1. Young Detroiters discover water-linked educational and career pathways at Detroit River Youth Career Expo

    Seventy-five young people aged 15-25 met with recruiters from educational institutions, non-profits, and local companies in a glass-walled gallery overlooking the Detroit River. The event was hosted at the riverfront dock facility of the Detroit/Wayne County Port Authority in partnership with the University of Michigan’s Detroit River Story Lab, an interdisciplinary initiative centered on community connections to the Detroit River.

  2. $3M gift boosts Transfer Bridges to the Humanities@Michigan

    LSA has awarded $3 million in funding for its Transfer Bridges to the Humanities@Michigan program. Housed in LSA, TB2H was established in 2018 in partnership with the Andrew W. Mellon Foundation, and is designed to help students at Michigan community colleges explore the study of humanities through majors, minors and co-curricular programs as part of the transfer process to the University of Michigan.

  3. Culture Corps: Connecting local nonprofits and U-M students for paid arts & culture internships

    The Culture Corps program goals: to encourage students majoring in arts and humanities to explore careers in their chosen fields; to provide an entry point for students who may not know how to break into arts and culture careers; and to support the region’s vibrant arts ecosystem by sponsoring paid student interns.

    1. Documentary chronicles collision of Civil Rights Movement with Detroit’s Olympic bid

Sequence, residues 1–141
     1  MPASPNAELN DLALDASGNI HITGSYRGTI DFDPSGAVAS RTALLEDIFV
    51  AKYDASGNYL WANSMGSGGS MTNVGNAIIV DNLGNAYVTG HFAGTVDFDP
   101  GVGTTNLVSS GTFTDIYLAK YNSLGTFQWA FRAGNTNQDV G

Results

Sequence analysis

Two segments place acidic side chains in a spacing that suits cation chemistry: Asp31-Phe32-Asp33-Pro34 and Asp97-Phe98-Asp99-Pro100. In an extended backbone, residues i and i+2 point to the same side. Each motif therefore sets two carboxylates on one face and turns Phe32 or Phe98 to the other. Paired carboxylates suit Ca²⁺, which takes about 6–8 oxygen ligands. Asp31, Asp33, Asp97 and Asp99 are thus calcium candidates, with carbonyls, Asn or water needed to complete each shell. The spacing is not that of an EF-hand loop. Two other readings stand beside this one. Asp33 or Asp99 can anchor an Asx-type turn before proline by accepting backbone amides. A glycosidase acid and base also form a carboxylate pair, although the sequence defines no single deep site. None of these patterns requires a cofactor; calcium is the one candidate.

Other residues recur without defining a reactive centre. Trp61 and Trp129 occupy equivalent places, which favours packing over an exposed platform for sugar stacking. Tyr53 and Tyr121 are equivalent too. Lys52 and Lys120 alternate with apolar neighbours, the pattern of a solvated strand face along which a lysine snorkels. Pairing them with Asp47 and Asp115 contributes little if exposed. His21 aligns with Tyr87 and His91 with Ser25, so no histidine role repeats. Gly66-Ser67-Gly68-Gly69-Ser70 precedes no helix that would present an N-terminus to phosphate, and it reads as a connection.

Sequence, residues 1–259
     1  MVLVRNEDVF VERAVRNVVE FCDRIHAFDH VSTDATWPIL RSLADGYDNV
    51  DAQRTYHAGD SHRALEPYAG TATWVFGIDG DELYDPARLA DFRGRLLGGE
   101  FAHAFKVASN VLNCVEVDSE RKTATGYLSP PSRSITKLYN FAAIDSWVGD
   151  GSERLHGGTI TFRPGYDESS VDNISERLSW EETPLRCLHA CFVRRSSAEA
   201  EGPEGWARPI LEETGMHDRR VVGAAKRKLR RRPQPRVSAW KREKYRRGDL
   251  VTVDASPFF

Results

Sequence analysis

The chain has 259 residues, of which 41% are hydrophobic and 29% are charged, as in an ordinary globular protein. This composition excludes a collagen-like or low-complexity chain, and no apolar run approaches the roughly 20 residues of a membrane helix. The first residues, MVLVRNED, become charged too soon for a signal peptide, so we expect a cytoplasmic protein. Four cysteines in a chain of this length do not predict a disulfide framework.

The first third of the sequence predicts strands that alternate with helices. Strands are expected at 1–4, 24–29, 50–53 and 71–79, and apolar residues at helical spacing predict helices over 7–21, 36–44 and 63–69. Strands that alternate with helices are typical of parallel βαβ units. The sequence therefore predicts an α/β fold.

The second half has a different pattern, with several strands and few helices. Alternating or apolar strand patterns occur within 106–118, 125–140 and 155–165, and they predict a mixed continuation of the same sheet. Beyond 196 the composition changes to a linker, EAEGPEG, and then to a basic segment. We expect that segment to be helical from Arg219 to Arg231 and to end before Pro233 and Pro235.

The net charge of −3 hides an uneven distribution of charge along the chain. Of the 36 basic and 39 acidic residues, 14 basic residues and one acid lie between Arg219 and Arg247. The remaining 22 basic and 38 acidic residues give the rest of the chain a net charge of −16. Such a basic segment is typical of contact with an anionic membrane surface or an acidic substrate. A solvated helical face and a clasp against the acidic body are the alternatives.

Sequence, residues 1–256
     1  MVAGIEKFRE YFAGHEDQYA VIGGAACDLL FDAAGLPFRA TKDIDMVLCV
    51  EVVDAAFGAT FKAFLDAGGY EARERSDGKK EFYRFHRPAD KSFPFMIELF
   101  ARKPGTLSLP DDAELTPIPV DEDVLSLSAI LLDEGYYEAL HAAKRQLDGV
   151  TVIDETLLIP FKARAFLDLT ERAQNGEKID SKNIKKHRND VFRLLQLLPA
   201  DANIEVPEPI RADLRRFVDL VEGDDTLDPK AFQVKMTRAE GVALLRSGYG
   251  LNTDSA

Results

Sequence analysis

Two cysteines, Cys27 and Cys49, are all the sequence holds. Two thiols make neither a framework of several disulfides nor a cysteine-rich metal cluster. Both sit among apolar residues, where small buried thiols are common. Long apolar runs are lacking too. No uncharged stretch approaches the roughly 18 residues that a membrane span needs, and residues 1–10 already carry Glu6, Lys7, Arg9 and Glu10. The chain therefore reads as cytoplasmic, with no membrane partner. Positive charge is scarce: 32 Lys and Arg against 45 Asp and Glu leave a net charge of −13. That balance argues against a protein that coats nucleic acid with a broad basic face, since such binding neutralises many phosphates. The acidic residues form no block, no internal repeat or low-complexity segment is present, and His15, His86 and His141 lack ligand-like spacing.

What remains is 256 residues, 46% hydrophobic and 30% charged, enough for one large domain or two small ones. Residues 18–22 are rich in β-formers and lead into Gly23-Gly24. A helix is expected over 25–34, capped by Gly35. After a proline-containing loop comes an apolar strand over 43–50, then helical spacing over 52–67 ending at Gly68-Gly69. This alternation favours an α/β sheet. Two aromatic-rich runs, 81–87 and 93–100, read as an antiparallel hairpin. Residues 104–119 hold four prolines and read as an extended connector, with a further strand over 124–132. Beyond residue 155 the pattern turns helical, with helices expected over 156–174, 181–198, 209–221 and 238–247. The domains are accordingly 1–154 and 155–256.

It is 1963. Detroit is bidding to host the 1968 Olympic Games and a new energy is sweeping through Detroit’s Civil Rights Movement. This is the story of their collision.

    2. Detroit’s legacy of housing inequity has caused long-term health impacts − these policies can help mitigate that harm

      Detroiters who face rising rents, poor living conditions and systemic barriers to affordable and safe housing are at greater risk of poor health, our research finds. We study the connection between housing inequities and health, with the goal of informing local, state and national policy. Our focus is on how interdisciplinary research on housing relates to equity in health, race, income and aging.

    3. Reames receives Michigan Chronicle’s Men of Excellence award

      U-M Environmental Professor Tony G. Reames received a Michigan Chronicle Men of Excellence award. Reames has worked with disadvantaged communities in Detroit since 2014, and was nominated for his enduring leadership and innovation in sustainability, environmental justice and energy equity.

    4. Cost of living tops Detroiters’ priorities for US government

      The survey found that 20% of Detroit households cited cost of living and inflation as one of the top two priorities for federal government officials, and survey respondents called for federal action to: “bring prices back down,” “regulate the price of food, gas, utilities,” and “lower prices on groceries and gas.” 

    5. Founded by U-M grads, Quinn Evans celebrates Michigan Central opening

      On the same week it was honored with the 2024 Architecture Firm Award from the American Institute of Architects, Quinn Evans celebrated the opening of the iconic Michigan Central Station. The firm spent more than a decade transforming the Detroit landmark from a symbol of decay into a hub of innovation.

    6. When did you fall in love with hip hop?

      In the LSA Course Guide, Stephen Ward’s class is called “The History and Evolution of Hip Hop.” But everyone (this class fills up fast, and boasts 200 students and four graduate student instructors each term) refers to the class by its guiding question: When did you fall in love with hip hop?